WHEN PARISHIONERS REVOLT: By the time I arrived on the scene, my parents had run out of gas when it came to middle names. My father wanted Walter; my mother wanted Wagner. Despite the overwhelming similarity between the two, the difference proved insurmountable. Besides, if I really wanted a middle name, they figured I could pick my own when I got confirmed. Confirmation — one of the seven sacraments — marks that milestone when young Catholics lucky enough to achieve the onset of puberty are mysteriously said to have reached the Age of Reason. That’s when they reportedly can choose to embrace the faith that hitherto had been foisted upon them. Like all Catholic ceremonies, confirmation is beautiful and moving. Signifying what I’m still not clear, the presiding bishop or priest confers upon his confirmees a faux slap across the face. In any other context, this would suggest that a duel at dawn was imminent. But the coolest thing about confirmation is that the confirmed get to pick a new name. Being a wannabe black back then, I found myself deliberating between Tyrone, Otis, or Jerome. Because only Jerome could be found on the menu of approved saint names, it would have to be Jerome. But there was some glitch, it turned out, and I’d have to wait a year. In that year — having taken seriously this Age of Reason thing — I came to the conclusion all religion was bunk. So when I was invited to the next scheduled confirmation, I declined.
No middle name. No slap in the face.
I mention this, as usual, because of the child sex-abuse firestorm now engulfing the Catholic Church. A month ago, Santa Barbara’s auxiliary bishop Thomas J. Curry was forced to resign because of his pivotal role in the sex-abuse cover-up scandal. In the 1980s, Curry served as the right-hand man for Los Angeles archbishop Roger Mahony, who would later be promoted to cardinal before his retirement two years ago. As such, it was part of Curry’s job description to deal with priestly pederasts. At the same time Curry stepped down, Mahony was famously rebuked by L.A.’s new Archbishop José Gomez for his failure to protect the children. Even more famously, Gomez relieved Mahony — who outranks him — of Mahony’s administrative duties. Up ’til then, Mahony could not have been more abject in his apologies to the abused. But once Gomez joined in — having “Hollywood Roger’s” shortcomings denounced from the pulpit in every parish at every mass one Sunday — Mahony changed his tune and issued one protest after the next, via his personal blog site. At that time, most Catholics assumed this meant Mahony and Curry would no longer be allowed to preside over confirmations. In the great scheme of things, that’s not much. But for Catholics looking for some concession, it was huge. So imagine the shock and revulsion that parents at St. Jude, a small but affluent parish in Westlake Village, felt upon receiving written notice that Curry would be presiding over their teenage child’s induction into the Army of Christ, scheduled for May 4. This notice was sent after Curry resigned and about the same time the Archdiocese began releasing — under court order — the personnel files of priests accused of molestation.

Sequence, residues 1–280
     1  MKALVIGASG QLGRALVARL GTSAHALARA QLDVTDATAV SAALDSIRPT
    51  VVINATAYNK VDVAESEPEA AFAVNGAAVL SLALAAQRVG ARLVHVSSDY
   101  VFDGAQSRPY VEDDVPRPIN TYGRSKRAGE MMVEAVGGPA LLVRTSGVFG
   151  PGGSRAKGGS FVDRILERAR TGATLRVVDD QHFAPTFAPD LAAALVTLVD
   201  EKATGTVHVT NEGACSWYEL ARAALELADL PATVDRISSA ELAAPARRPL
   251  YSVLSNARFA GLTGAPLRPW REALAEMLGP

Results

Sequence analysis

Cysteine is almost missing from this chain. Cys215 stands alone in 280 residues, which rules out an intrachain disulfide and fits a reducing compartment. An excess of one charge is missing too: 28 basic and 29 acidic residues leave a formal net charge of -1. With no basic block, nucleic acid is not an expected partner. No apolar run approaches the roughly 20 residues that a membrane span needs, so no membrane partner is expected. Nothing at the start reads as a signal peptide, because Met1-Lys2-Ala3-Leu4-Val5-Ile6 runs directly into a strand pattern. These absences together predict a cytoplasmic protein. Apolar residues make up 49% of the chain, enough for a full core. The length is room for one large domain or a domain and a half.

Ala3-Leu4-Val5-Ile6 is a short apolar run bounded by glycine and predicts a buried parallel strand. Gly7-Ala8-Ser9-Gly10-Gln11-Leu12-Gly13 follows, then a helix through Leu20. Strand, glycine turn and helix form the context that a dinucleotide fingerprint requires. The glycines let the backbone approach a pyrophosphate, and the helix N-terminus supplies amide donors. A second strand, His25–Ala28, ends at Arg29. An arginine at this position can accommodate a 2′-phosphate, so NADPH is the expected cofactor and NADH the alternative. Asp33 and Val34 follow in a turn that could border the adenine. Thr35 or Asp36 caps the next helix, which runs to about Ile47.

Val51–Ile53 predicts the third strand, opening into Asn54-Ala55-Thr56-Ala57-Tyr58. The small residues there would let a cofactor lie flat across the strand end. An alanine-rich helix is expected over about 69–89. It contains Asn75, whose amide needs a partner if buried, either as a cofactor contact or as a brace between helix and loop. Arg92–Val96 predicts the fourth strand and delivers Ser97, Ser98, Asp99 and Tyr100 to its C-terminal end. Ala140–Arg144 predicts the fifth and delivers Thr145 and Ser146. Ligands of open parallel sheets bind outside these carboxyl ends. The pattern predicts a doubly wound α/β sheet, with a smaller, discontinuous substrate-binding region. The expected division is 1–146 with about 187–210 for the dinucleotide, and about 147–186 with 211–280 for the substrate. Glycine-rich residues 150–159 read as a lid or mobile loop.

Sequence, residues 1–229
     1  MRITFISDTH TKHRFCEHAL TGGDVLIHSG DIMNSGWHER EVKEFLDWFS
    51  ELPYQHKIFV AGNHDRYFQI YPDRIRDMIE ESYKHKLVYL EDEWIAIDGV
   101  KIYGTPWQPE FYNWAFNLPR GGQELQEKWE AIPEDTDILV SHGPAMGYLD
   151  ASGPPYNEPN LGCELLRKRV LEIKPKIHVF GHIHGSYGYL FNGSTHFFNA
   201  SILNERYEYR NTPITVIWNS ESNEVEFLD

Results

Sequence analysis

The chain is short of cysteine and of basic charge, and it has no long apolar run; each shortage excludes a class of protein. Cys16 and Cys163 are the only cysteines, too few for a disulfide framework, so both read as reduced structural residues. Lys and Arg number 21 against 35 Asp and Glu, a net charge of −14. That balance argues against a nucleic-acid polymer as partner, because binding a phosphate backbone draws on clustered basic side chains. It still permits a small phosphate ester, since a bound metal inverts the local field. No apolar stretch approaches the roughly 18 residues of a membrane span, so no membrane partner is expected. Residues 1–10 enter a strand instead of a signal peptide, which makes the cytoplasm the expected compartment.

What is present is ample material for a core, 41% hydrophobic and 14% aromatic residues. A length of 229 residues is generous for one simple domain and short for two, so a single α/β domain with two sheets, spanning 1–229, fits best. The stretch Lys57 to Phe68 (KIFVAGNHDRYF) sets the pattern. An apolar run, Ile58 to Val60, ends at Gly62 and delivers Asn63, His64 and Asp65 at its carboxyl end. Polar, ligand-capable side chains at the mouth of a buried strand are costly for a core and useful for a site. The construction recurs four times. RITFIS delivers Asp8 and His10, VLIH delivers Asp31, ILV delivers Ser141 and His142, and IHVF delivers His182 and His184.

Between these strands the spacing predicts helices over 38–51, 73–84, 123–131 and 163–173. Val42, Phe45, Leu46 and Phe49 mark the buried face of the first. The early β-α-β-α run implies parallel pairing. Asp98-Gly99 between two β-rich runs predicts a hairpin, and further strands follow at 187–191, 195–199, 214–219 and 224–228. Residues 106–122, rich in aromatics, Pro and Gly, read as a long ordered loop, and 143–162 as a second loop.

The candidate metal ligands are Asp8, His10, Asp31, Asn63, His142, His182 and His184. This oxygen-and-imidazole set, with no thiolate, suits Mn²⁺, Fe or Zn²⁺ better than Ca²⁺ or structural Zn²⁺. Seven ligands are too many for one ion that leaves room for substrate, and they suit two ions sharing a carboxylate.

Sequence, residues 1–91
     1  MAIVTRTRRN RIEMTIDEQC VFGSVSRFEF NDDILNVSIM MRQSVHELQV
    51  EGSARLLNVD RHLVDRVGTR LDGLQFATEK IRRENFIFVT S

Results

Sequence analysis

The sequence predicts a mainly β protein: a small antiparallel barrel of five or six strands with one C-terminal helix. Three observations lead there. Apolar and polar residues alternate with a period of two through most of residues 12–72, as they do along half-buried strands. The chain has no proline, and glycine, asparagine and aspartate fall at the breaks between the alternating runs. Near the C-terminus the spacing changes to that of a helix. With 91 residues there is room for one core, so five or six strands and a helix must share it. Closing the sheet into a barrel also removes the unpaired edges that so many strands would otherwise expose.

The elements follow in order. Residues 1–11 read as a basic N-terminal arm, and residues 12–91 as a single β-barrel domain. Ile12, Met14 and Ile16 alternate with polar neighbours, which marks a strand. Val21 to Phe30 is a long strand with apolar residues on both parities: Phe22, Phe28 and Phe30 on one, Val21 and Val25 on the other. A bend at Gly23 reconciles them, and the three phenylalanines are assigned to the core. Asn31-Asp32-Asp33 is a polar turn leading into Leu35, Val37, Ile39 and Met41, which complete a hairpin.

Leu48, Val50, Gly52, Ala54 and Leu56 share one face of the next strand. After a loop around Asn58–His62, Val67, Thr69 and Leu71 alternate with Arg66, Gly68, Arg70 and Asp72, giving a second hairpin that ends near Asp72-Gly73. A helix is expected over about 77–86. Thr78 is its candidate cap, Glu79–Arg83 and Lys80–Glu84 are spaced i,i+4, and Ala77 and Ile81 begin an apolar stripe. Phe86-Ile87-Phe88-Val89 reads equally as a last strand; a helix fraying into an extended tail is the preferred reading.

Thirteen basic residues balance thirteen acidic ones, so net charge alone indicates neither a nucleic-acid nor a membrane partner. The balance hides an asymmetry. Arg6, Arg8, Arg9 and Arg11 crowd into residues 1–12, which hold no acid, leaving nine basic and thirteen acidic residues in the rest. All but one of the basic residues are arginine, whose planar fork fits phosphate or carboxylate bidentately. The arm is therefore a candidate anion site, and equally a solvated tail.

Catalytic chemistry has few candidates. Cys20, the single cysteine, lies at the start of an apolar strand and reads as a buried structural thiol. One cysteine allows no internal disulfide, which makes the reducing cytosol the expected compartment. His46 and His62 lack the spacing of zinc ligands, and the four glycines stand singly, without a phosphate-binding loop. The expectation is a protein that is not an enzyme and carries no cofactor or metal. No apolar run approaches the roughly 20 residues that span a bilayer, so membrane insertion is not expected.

If and when Curry ever talks, I’m sure there will be a very logical explanation. He is by all accounts an impressive man, both learned and shrewd — the last survivor of the so-called Irish Mafia, which for decades built and ran the Church in Los Angeles — and endowed with a quiet disarming grace. But until he does, the files seem very damning. In one instance, it appears Curry all but warned one pedophile priest on loan from Mexico that he was in danger because the police were closing in. When that same priest — Fr. Nicolas Aguilar Rivera — told Curry he was thinking of going back to Mexico, Curry did not advise him to stay and face the music; nor did he warn the police that Fr. Nico was about to go on the lam. Later, when police investigators asked for the names of altar boys who may have served with Fr. Nico, Curry and Mahony steadfastly refused to turn them over. Ultimately, the cops would get the names and discover that Fr. Nico was so prolific a predator he practically needed an assembly line.
In the Catholic scheme of things, Curry and Mahony are the shepherds, and the parishioners are the sheep. But at St. Jude, the sheep mutinied and bared their grass-eating fangs. Good lifelong Catholics objected to what they termed “a slap in the face,” and made it clear they did not want Curry doing the same — however symbolically — to their kids. They wrote letters, they made phone calls, they emailed, they texted and Twittered, Facebooked and Skyped. While St. Jude is only one parish, it serves as the confirmation hub for students attending 11 high schools. There are 90 kids — from 90 families — signed up to be confirmed this May. That’s a lot of Catholics. Curry and Gomez — independently and in consultation with one another — came to the conclusion that perhaps Curry had better things to do that day. Like anything. Or maybe even nothing at all. One might wonder how they could have been so astonishingly tone-deaf not to have figured this out on their own. But to even ask that question is to have missed the point of the past 20 years of Church history.
In the meantime, I have learned to live with a festering case of middle-name envy. There are many I would have liked, and typically they run to the ornate and ridiculous, like “Francis Xavier Aloysius” or “Ray Lee Wayne.” On some form I filled out long ago, I marked a big “X” next to the box indicating “no middle initial.” Somehow, this has confounded the record keepers. Now I get letters addressed to Nicholas X. Welsh. It ain’t a middle name. It’s not Walter or Wagner. But still, it’s a start.